goofy UI elements, but NAV outright killed this machine's usefulness.
To be fair, the hit is -much- less noticeable on a newer 2+GHz PC but
still there nonetheless.
Application privileges. This is really bad. NAV runs with the
credentials of the logged-in user. Regular NT/XP 'Users' can't
LiveUpdate unless they use something like RunAs to escalate privileges
and do a non-interactive LiveUpdate, typically from scheduled tasks.
This also means if someone with 'User' credentials gets infected, the
virus can kill NAV and keep on partying. Real AV software doesn't
behave like this; it runs with escalated privileges so if a regular user
gets infected the virus isn't able to kill the AV software -- at least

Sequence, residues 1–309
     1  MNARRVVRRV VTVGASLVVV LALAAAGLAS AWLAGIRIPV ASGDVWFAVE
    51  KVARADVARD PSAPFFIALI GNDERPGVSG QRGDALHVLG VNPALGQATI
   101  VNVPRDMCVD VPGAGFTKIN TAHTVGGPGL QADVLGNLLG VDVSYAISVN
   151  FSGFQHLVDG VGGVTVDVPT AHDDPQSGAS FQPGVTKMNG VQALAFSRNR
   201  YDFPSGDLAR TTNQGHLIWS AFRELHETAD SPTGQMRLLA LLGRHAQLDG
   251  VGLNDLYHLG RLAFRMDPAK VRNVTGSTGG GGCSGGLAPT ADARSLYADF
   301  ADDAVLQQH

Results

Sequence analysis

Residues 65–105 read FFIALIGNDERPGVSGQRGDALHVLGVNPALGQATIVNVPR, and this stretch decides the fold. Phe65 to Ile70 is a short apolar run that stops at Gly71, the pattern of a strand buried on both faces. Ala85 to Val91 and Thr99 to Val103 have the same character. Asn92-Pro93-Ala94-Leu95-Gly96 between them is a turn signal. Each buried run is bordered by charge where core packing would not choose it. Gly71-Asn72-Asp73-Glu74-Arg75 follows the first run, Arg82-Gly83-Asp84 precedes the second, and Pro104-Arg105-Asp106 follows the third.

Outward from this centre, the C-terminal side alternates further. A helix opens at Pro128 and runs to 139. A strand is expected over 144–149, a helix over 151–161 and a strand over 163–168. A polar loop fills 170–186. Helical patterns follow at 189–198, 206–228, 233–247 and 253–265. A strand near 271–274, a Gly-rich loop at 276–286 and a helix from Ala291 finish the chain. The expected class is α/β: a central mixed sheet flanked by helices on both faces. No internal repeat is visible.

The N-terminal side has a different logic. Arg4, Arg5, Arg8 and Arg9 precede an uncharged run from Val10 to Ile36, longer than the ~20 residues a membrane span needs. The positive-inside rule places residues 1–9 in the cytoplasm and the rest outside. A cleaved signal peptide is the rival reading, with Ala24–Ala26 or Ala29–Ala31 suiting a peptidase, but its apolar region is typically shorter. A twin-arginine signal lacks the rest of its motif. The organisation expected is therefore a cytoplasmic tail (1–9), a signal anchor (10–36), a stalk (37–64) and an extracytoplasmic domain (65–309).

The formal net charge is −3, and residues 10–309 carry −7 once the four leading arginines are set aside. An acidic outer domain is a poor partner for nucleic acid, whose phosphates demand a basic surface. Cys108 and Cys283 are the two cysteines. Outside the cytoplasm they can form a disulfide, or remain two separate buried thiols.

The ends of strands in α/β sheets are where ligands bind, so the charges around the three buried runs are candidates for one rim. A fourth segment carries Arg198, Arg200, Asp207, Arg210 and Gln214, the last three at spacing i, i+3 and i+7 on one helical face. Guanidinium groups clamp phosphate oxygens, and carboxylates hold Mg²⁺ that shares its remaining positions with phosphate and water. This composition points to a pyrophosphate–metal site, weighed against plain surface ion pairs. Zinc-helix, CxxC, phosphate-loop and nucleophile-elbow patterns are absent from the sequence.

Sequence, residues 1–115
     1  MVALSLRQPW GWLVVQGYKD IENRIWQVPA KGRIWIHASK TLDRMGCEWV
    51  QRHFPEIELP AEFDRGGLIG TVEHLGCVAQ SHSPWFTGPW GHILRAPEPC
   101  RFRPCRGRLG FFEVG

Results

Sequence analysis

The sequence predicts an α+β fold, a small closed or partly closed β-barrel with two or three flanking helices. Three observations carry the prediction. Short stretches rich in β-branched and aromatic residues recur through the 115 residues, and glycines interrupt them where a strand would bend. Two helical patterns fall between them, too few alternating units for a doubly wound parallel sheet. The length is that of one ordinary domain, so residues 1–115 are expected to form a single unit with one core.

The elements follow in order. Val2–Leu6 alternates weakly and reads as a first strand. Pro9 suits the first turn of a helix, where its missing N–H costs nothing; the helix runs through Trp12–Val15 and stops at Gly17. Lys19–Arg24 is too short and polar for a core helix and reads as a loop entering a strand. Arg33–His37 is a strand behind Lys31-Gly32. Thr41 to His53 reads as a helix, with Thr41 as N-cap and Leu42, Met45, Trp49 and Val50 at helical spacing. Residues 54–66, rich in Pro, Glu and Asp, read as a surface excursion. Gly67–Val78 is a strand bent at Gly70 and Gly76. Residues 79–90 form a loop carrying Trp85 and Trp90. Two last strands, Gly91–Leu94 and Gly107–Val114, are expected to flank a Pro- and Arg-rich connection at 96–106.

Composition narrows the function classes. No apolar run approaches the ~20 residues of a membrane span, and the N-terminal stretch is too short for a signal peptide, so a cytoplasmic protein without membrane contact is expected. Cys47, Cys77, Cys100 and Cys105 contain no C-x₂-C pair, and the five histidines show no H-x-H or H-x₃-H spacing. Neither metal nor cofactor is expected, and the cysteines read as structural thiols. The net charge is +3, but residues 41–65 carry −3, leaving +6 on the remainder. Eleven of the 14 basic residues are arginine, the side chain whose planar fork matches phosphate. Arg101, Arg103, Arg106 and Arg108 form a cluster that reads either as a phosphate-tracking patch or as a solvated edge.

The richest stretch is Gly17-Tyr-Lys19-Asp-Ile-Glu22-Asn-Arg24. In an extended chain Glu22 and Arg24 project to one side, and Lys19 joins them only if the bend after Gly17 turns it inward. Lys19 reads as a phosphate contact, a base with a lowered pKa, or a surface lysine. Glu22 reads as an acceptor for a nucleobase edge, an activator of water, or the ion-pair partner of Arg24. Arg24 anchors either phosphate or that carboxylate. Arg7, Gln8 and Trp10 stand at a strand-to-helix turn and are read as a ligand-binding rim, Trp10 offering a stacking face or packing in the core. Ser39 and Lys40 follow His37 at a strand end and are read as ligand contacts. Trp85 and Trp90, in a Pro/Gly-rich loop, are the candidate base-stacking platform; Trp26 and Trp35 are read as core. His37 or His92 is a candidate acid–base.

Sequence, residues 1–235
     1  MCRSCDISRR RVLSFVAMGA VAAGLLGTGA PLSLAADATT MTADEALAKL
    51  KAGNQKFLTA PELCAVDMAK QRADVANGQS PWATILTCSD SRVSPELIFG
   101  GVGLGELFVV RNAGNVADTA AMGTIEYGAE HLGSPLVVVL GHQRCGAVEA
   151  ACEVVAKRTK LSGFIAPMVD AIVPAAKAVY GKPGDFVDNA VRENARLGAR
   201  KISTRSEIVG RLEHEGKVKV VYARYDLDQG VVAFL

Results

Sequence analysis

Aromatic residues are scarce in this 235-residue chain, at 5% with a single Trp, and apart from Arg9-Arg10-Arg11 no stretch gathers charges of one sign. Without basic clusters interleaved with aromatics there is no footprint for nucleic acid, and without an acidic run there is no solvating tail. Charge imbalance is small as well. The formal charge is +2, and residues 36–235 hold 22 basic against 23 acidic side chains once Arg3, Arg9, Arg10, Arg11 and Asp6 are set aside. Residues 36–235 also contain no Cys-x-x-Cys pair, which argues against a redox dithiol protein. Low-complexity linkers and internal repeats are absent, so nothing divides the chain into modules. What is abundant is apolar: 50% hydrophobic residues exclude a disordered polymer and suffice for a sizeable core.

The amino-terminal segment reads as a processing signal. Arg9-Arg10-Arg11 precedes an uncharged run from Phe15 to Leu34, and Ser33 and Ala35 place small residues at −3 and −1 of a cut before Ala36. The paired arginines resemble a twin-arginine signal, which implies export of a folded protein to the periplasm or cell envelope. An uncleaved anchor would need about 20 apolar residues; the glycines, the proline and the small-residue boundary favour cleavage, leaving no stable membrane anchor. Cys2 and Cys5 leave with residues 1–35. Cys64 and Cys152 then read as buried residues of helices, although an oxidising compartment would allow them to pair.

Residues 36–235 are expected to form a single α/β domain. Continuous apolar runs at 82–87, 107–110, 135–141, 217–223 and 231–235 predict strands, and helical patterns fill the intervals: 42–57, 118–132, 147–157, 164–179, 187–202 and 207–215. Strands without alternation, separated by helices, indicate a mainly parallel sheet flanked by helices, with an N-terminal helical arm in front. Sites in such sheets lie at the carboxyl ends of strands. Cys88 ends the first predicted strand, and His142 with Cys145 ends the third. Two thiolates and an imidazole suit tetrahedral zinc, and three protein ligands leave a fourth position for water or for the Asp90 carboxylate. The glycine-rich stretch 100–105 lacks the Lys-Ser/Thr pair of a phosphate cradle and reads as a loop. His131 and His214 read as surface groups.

it stands a chance to identify an outbreak if nothing else. And I don't
use this illustration in an Enterprise scenario, I'm talking in the
context of an XP box at home with parents as admins and kids as users.
Here's the zinger I saved for the List... By the looks of it, Norton
AV's Script blocking is trivial to defeat. I don't know if this
behavior is by design but it's so sloppy looking I don't know what to
make of it. Then again, after spending some time with this terrible
piece of AV software, it's consistently bad all the way around so this
glaring problem doesn't really stand out as much as it should.
I can't find jack squat on the 'Net regarding NAV's Script Blocking...
Basically the deal is that you have a Magic Check Box in the NAV Console
that enables NAV to halt a script when it attempts to perform a
potentially "Unsafe" action, say a Document.Write to your HDD. At that
point you can Authorize the single unsafe action inside the script, the
entire script for one run, or permanently "trust" the script. There